How Trump Thinks: His Tweets and the Birth of a New Political Language
by Peter Oborne and Tom Roberts
Published by Head of Zeus, £10
(Buy at Amazon)
While Donald Trump owes his victory to many things, most notably popular frustration at stagnant wages and living standards, it’s safe to say that without Twitter he wouldn’t be in the White House today. His ability to communicate directly with voters, without spending huge amounts on advertising or winning over the media, provided that little push that got him over the line. So this book focusing on his tweets, by political journalist Peter Oborne and media historian Tom Roberts, should offer plenty of insight.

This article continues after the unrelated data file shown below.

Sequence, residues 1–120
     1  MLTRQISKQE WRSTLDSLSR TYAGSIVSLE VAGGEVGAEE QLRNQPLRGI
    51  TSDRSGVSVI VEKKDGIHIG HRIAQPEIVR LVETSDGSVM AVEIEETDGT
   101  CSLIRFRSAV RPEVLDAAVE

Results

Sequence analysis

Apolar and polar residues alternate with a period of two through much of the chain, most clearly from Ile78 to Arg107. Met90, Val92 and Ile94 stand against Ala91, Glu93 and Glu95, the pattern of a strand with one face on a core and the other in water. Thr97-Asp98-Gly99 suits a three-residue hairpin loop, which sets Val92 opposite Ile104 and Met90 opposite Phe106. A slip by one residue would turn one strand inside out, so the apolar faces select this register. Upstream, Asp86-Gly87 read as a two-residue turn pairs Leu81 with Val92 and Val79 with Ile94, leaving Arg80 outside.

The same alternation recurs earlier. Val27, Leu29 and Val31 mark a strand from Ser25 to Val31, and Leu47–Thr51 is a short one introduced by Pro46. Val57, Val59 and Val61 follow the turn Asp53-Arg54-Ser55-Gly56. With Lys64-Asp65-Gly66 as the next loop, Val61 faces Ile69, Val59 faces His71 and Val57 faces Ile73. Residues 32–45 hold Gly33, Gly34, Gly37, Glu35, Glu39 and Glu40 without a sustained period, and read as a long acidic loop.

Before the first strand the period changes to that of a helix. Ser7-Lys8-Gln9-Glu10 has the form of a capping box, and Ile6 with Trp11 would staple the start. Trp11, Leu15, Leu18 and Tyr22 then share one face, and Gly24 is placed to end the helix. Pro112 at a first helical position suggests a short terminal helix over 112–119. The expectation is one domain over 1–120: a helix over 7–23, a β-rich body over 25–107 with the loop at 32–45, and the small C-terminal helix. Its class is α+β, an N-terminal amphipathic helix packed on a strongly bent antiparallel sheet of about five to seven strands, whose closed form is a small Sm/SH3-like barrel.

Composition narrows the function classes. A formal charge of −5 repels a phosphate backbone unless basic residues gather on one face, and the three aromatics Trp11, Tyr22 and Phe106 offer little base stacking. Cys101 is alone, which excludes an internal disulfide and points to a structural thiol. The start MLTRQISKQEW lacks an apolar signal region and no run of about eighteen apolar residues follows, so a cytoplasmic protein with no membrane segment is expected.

Sadly, Oborne and Roberts approach the task in a very literal way, reproducing every tweet, from Trump’s first piece of self-promotion in May 2009, to his attack on Arnold Schwarzenegger’s handling of the TV show Celebrity Apprentice eight years later. Although they provide commentary next to some of the tweets, others are reproduced verbatim with no explanation. In many cases the commentary just consists of a brief explanation of the various people that Trump mentions. The only attempt at some systematic analysis is right at the end when they show the frequency of terms that Trump uses.
This is a pity, because Oborne is capable of insightful analysis, as shown by his introduction, which compares Trump to other historical figures who use similar bluster and hyperbole to grab public attention and push dubious claims. Ultimately How Trump Thinks is just a novelty gift, but it could have been a lot more.